August 2020 August 2020

The emptiest summer season in recent memory has come and gone. While the animation world clings to the commonplace that it is uniquely adaptable to remote working, the ravages of the pandemic continue to be felt in parts of the industry — the news of layoffs at Laika, which produces stop-motion features, is one example.

Corona chaos is but one reason behind the sea changes sweeping the major studios. Warnermedia, under new management, is undergoing a drastic restructuring, while ViacomCBS is turbo-charging its adult animation slate ahead of the relaunch of its streaming platform CBS All Access. Meanwhile, Disney has become the latest company to break ground in queer representation…

Major studios were rocked by the coronavirus and internal reshuffles. Disney, which is highly exposed to the pandemic, posted its first quarterly loss since 2001. Walt Disney Animation Studios announced a big shake-up on the crew of its feature Raya and the Last Dragon, without giving reasons why. Major restructuring continued at Warnermedia, where Sam Register was put in charge of both Warner Bros. Animation and Cartoon Network Studios, while a report claimed that parent company AT&T had offered to sell its anime subsidiary Crunchyroll to Sony. Stop-motion studio Laika laid off 15% of its workforce, citing the pandemic.

Creators made strides toward inclusivity, overcoming obstacles. Disney Channel’s The Owl House revealed that the show’s teen protagonist is bisexual — Disney’s first confirmed bisexual lead in a tv series. Creator Dana Terrace spoke about resistance she initially faced from Disney leadership, and what it took to change minds. Rebecca Sugar and Noelle Stevenson, creators of Cartoon Network’s Steven Universe and Netflix’s She-Ra and the Princesses of Power respectively, described similar trajectories on their shows. Disney Channel appointed executive Theresa Helmer to a new inclusivity role.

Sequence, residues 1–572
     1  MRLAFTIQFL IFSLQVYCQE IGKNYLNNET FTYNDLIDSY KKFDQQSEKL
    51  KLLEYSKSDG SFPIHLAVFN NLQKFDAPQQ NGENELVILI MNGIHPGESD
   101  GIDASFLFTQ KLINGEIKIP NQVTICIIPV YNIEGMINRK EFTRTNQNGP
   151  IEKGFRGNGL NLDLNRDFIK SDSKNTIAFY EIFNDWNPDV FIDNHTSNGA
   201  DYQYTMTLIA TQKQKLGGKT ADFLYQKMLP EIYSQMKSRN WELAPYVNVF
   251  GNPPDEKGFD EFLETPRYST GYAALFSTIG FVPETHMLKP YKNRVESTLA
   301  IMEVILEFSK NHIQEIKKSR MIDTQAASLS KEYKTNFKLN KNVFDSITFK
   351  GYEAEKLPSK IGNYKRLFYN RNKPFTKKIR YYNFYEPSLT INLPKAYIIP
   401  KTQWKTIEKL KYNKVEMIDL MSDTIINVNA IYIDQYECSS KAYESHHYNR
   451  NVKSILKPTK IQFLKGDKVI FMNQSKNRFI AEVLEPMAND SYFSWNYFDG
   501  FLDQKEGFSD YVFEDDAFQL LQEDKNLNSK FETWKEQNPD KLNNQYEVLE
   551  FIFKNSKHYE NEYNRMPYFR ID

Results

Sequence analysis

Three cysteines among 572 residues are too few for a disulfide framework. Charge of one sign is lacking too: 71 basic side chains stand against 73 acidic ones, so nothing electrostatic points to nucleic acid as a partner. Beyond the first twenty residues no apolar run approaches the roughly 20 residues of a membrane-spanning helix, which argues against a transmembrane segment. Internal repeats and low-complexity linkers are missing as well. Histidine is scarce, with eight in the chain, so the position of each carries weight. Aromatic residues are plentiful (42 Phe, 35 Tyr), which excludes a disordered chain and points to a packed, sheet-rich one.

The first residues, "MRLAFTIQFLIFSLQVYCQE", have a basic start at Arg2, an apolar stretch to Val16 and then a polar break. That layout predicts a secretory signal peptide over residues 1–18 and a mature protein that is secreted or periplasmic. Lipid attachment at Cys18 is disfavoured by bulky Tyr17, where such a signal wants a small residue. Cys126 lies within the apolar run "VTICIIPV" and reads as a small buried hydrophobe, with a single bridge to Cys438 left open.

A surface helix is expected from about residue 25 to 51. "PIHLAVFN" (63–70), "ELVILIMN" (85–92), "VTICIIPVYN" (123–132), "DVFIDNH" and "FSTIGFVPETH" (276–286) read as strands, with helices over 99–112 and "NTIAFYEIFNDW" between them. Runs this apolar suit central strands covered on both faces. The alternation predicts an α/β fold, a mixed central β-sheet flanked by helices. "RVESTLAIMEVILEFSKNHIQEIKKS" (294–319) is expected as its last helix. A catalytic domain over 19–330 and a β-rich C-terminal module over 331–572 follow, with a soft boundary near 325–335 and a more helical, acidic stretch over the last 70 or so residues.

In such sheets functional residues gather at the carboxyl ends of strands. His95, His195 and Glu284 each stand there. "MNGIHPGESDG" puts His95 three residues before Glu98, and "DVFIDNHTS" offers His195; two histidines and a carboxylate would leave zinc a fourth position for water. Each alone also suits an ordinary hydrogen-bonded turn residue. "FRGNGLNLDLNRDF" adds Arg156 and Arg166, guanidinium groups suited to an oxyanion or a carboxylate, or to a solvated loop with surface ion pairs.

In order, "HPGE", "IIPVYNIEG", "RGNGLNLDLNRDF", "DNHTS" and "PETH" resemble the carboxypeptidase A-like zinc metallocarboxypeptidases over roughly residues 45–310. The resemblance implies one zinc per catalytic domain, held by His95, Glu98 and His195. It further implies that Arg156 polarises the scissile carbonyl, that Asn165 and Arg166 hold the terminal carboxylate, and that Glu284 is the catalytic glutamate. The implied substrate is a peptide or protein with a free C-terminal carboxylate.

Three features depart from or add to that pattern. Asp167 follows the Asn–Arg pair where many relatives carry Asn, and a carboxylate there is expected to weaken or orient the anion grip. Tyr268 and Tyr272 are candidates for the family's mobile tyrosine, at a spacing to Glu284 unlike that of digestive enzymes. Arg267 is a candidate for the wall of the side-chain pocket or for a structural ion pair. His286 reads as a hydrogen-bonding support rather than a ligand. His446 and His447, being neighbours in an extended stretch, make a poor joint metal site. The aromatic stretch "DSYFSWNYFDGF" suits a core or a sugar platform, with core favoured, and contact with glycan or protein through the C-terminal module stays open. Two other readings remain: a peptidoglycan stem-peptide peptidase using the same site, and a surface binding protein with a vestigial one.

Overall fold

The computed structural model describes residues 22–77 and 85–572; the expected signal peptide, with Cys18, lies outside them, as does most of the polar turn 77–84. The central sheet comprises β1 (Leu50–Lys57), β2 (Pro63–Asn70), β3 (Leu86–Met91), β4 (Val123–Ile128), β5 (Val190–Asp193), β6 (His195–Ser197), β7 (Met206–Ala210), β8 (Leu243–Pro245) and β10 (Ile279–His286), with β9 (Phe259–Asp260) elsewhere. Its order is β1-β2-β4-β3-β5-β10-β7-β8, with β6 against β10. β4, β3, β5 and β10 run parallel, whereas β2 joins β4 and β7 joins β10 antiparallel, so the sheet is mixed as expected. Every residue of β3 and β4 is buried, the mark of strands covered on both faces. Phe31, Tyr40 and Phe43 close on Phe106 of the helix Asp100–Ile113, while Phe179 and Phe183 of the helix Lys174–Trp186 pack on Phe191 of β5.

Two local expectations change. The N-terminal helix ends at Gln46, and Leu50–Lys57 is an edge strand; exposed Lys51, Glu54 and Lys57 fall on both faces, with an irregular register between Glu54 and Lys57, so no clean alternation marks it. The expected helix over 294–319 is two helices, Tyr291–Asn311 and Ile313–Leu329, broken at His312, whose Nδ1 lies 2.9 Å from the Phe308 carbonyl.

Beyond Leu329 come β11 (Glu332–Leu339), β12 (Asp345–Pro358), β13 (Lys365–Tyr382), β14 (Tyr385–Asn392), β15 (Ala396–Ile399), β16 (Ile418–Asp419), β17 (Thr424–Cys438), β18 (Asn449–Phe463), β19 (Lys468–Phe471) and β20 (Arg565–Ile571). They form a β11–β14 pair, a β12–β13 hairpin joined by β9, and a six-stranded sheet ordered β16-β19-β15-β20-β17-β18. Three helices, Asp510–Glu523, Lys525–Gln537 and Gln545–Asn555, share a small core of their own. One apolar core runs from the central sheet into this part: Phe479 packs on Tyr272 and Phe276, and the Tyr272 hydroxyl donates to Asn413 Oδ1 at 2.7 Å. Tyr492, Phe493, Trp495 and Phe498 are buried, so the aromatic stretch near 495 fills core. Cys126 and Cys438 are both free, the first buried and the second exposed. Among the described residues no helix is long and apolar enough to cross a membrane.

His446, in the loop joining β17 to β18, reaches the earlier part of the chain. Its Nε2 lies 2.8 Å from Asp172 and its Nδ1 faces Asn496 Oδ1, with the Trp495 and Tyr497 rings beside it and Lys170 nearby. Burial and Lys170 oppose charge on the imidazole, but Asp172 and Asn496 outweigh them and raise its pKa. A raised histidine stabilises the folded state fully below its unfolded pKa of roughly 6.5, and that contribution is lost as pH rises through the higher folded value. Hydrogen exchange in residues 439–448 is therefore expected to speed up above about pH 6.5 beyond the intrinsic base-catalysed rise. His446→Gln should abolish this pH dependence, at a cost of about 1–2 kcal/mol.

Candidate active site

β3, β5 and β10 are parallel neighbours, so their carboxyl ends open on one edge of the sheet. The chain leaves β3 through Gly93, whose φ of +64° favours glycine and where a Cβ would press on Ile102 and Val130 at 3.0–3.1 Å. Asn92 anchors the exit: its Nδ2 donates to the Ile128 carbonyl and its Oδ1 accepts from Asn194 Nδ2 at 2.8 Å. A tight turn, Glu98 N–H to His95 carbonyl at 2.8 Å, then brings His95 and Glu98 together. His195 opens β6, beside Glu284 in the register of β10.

ViacomCBS developed its adult animation strategy. Under its new head Grant Gish, the company is building a slate centered on spin-offs, specials, and reboots of classic shows, including South Park, Clone High, Beavis and Butt-Head, and Ren & Stimpy. The reliance on existing IP has drawn criticism, but the Ren & Stimpy revival has proved especially controversial, given the accusations of sexual abuse leveled at the show’s creator John Kricfalusi. One of his accusers has launched a petition to halt the project.

The games industry continued to reckon with claims of sexual misconduct. Staff at L.A.’s Lab Zero Games resigned en masse in protest over their boss Mike Zaimont’s behavior, which they characterized as hostile and inappropriate. Old allegations of sexism at the U.K.’s Rocksteady Studios were made public, causing a schism at the company. This news follows the resignation of three top Ubisoft executives in July, amid claims of sexual harassment and misconduct.

Exciting new shows and films were unveiled. Live-action indie titan A24 announced a series based on animated pilot Hazbin Hotel, which went viral online last year. First trailers dropped for Poupelle of Chimney Town, produced at Japan’s renowned Studio 4°C, and Joann Sfar’s anticipated family feature Little Vampire. Cartoon Brew exclusively premiered the first images from A Dozen Norths, the debut feature by Koji Yamamura, the doyen of Japanese indie animation.

(Image at top, left to right: “Raya and the Last Dragon,” “Hazbin Hotel,” “A Dozen Norths.”)